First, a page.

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Interdisciplinary Minor: Social Science and Medicine

The Social Science and Medicine minor allows students to understand and appreciate the relationships between the broader medical field, society and culture, and human behavior. Students explore how human health is affected by and contingent upon both the culture of medicine and the socio-economic-political approach to illness and health.

 There is a recognition of the importance of understanding human behavior and the socio-cultural aspects of illness, disease and medical systems (including practitioners). Social and cultural behavior can play a primary role in understanding disease processes, the expression of illness, the reception of diagnosis, efficacy of treatment, and eventually the value of medicine to individuals. Clearly these considerations are exacerbated and brought to public scrutiny under the pressure of an increasingly diverse population. These challenges to the medical profession are an ever-increasing concern for nursing and medical schools. To address these concerns and better prepare students, and ultimately health care professionals, an interdisciplinary and integrated approach to understanding human behavior is necessary. An interdisciplinary minor allows students to best draw those electives that would strengthen this aspect of their liberal arts education. A critical and analytical approach to understanding health and human behavior better prepares students who are engaged in an applied and/or scientific approach to the human condition.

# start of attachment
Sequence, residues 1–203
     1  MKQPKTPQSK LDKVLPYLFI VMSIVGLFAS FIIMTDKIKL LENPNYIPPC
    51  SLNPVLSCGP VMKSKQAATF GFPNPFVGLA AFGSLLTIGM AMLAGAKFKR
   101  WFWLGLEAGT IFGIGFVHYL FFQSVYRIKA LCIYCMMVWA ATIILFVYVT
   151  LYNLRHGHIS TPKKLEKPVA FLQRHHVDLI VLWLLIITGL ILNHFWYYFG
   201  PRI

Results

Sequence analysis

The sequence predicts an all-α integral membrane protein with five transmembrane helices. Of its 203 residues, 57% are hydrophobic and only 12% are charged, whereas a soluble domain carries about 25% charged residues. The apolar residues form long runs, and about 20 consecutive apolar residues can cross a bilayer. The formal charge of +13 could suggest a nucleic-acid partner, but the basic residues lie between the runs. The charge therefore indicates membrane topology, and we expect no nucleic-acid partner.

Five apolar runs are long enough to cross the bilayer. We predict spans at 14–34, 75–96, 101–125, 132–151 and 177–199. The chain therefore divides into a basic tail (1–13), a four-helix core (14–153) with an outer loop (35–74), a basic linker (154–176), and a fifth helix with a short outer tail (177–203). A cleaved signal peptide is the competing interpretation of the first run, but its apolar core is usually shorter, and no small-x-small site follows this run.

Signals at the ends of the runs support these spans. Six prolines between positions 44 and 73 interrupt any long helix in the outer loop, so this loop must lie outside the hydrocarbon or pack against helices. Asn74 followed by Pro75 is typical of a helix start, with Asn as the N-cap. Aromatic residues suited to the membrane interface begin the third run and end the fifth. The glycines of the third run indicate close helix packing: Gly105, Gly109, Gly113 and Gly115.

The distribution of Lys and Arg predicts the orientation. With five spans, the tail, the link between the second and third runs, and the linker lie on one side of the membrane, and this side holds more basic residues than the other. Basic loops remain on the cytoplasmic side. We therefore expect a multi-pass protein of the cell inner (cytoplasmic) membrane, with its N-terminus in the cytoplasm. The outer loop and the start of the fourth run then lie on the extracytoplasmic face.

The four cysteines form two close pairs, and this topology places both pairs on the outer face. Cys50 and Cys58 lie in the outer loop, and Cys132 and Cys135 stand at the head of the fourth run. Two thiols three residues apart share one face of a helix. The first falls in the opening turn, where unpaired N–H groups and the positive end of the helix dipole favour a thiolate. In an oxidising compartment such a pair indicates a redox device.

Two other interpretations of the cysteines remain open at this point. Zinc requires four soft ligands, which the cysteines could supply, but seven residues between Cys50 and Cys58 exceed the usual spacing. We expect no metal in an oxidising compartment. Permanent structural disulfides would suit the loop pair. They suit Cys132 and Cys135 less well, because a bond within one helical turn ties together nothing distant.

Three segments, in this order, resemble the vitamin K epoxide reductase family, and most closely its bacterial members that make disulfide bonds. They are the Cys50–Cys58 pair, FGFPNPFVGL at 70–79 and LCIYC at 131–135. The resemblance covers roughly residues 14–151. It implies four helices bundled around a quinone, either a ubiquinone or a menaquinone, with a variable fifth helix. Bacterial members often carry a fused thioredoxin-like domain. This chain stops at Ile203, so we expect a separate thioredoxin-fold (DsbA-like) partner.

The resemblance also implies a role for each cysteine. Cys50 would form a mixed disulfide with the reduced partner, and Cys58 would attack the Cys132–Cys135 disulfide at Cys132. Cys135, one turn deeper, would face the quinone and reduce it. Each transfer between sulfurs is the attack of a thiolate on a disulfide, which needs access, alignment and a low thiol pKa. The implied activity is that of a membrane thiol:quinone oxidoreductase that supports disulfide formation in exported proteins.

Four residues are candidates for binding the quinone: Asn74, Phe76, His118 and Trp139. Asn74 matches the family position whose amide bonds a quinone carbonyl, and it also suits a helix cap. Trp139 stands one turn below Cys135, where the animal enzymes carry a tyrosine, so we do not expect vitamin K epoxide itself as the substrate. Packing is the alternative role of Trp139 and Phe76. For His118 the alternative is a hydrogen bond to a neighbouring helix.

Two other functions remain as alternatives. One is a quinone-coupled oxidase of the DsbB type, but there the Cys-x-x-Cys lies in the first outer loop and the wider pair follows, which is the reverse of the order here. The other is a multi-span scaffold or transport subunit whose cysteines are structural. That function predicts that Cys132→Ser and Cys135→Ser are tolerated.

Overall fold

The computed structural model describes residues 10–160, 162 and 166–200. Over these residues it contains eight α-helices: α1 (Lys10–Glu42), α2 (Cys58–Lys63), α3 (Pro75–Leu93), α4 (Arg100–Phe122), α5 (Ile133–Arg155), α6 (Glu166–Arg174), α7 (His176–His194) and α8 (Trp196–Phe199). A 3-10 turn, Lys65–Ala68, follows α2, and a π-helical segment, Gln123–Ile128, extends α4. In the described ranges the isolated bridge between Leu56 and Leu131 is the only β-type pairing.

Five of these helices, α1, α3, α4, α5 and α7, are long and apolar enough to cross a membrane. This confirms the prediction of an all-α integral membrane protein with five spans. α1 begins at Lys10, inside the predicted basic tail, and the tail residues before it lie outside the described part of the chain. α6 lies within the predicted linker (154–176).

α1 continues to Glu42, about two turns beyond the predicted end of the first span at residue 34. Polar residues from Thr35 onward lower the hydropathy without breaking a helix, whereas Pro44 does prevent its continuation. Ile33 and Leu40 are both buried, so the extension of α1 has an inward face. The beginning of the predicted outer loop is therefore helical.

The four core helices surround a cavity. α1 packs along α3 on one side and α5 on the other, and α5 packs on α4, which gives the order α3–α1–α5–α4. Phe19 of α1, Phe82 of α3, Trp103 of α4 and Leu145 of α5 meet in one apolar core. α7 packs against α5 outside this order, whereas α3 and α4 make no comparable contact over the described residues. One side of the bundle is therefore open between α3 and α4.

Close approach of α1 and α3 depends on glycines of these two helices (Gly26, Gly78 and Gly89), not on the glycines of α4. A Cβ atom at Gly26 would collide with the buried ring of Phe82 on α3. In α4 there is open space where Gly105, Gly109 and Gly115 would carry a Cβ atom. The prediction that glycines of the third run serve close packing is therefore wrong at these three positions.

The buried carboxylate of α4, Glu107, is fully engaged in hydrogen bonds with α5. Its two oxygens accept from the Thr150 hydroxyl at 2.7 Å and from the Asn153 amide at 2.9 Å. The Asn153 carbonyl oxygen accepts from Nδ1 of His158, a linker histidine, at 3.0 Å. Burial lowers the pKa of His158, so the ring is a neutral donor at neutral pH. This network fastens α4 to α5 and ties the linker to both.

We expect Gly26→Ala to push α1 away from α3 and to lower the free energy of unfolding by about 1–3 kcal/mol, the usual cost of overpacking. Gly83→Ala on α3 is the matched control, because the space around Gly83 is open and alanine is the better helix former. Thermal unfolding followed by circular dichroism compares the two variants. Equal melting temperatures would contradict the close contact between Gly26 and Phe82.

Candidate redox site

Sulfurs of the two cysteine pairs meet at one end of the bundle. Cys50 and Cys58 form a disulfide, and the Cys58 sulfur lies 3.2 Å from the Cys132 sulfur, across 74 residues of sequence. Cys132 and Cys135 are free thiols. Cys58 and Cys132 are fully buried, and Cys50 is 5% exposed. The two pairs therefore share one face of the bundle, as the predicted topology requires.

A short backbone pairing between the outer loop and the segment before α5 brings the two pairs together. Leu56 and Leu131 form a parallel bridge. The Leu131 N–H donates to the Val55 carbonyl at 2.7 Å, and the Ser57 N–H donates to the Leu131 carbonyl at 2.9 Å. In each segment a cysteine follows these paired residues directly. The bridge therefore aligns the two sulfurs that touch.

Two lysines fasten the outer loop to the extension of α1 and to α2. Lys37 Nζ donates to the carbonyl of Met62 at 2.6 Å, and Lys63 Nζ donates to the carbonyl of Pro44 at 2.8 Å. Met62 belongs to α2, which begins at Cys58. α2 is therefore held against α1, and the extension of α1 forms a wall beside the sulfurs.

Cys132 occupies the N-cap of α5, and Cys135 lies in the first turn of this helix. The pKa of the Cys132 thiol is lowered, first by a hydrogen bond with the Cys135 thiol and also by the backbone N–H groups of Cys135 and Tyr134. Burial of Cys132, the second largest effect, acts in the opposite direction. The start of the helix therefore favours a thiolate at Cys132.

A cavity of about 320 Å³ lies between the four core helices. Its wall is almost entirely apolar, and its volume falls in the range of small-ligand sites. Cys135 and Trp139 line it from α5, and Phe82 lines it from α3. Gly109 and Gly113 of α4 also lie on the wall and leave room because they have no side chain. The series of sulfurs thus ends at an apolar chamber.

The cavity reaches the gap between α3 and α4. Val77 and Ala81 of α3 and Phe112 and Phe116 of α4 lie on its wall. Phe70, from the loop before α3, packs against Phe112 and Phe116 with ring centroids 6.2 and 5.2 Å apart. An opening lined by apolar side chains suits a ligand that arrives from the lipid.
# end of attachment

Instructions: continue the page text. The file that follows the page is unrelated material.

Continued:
Completion of this minor enhances the undergraduate education of students who pursue professional careers in the medical field (e.g., doctor, nurses), field of social work and public health, research careers related to medicine (e.g., sociology, history of medical, medical anthropology, environmental health) or business administration within health services.

Learning objectives 

  • Investigating different approaches within the social sciences to the study of health, illness and medical systems
  • Analyzing health care systems from an interdisciplinary and international perspective
  • Identifying the role of culture, economics and politics in the distribution, development, delivery and reception of health care and medical science
  • Comprehending and appreciating the complexity and variation of competing and/or supplemental medical systems
  • Evaluating individuals’ responses and responsibilities to health and illness issues (behavioral and developmental factors)
  • Understanding the integrated and complex relationship between medicine and social/cultural factors including: age, gender, race/ethnicity, and socio-economic status

Course Selection 

The minor will require a total of 18 credits but no more than 9 credits from any one discipline. 


(Nine credits from List A are required, but no more than 6 credits in one discipline)

One of the following courses: 
ANT 312 - Medical Anthropology 
SOC 344 -  Medical Sociology 
PCH 351 - Health in Society

One of the following courses:
ANT 206 - Cultural Ecology
PHI 324 - Bioethics
PCH 359 - Environmental Health

One of the following courses:
ANT/WMS 380 - Anthropology of Women & Health
SOC 345 - Aging & the Aged
PCH 349 -  Men’s Health

Nine additional credits from List A and B are required, but not more than 12 credits from one discipline.

List B

PSY 318 - Emotional/Social Development
SHE 389 - Holistic Health
PSY 366 - Health Psychology
WMS 505/PCH 505 - Women Heal Thyself
ANT 222 - Modern Human Variation
PCH 353 - Global Health

For more information, please contact:

Kathleen Skoczen, Ph.D.
Department of Anthropology
Engleman Hall C 027B